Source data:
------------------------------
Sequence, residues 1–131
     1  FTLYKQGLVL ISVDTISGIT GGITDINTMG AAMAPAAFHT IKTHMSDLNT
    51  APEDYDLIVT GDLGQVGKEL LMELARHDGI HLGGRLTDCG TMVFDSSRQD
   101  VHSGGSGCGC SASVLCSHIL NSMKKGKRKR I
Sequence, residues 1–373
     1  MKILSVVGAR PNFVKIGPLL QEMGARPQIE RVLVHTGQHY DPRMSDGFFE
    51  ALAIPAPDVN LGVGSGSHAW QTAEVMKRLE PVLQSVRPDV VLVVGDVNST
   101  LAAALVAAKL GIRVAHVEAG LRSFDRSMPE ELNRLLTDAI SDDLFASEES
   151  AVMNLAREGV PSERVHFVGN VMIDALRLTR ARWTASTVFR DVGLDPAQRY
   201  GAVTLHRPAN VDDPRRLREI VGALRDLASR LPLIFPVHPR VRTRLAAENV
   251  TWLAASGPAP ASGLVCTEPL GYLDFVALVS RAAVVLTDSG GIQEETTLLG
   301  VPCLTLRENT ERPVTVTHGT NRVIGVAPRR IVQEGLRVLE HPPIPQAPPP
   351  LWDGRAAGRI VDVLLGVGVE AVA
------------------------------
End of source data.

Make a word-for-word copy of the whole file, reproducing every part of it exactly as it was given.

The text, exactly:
Sequence, residues 1–131
     1  FTLYKQGLVL ISVDTISGIT GGITDINTMG AAMAPAAFHT IKTHMSDLNT
    51  APEDYDLIVT GDLGQVGKEL LMELARHDGI HLGGRLTDCG TMVFDSSRQD
   101  VHSGGSGCGC SASVLCSHIL NSMKKGKRKR I
Sequence, residues 1–373
     1  MKILSVVGAR PNFVKIGPLL QEMGARPQIE RVLVHTGQHY DPRMSDGFFE
    51  ALAIPAPDVN LGVGSGSHAW QTAEVMKRLE PVLQSVRPDV VLVVGDVNST
   101  LAAALVAAKL GIRVAHVEAG LRSFDRSMPE ELNRLLTDAI SDDLFASEES
   151  AVMNLAREGV PSERVHFVGN VMIDALRLTR ARWTASTVFR DVGLDPAQRY
   201  GAVTLHRPAN VDDPRRLREI VGALRDLASR LPLIFPVHPR VRTRLAAENV
   251  TWLAASGPAP ASGLVCTEPL GYLDFVALVS RAAVVLTDSG GIQEETTLLG
   301  VPCLTLRENT ERPVTVTHGT NRVIGVAPRR IVQEGLRVLE HPPIPQAPPP
   351  LWDGRAAGRI VDVLLGVGVE AVA